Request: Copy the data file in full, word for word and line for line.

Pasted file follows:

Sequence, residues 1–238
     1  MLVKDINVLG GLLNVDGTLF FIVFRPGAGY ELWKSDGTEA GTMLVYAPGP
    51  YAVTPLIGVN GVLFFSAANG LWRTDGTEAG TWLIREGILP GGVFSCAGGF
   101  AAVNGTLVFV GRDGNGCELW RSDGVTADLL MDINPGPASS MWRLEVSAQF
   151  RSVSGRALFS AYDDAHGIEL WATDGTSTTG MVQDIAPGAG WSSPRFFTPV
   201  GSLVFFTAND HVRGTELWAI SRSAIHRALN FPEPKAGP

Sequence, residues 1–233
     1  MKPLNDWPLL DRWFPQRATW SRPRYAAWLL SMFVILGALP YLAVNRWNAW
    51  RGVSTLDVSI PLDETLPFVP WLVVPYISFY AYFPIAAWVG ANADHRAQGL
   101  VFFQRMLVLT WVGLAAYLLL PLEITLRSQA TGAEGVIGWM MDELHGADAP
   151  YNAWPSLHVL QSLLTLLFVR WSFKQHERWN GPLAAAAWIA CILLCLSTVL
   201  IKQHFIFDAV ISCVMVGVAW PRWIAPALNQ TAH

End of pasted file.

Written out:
Sequence, residues 1–238
     1  MLVKDINVLG GLLNVDGTLF FIVFRPGAGY ELWKSDGTEA GTMLVYAPGP
    51  YAVTPLIGVN GVLFFSAANG LWRTDGTEAG TWLIREGILP GGVFSCAGGF
   101  AAVNGTLVFV GRDGNGCELW RSDGVTADLL MDINPGPASS MWRLEVSAQF
   151  RSVSGRALFS AYDDAHGIEL WATDGTSTTG MVQDIAPGAG WSSPRFFTPV
   201  GSLVFFTAND HVRGTELWAI SRSAIHRALN FPEPKAGP

Sequence, residues 1–233
     1  MKPLNDWPLL DRWFPQRATW SRPRYAAWLL SMFVILGALP YLAVNRWNAW
    51  RGVSTLDVSI PLDETLPFVP WLVVPYISFY AYFPIAAWVG ANADHRAQGL
   101  VFFQRMLVLT WVGLAAYLLL PLEITLRSQA TGAEGVIGWM MDELHGADAP
   151  YNAWPSLHVL QSLLTLLFVR WSFKQHERWN GPLAAAAWIA CILLCLSTVL
   201  IKQHFIFDAV ISCVMVGVAW PRWIAPALNQ TAH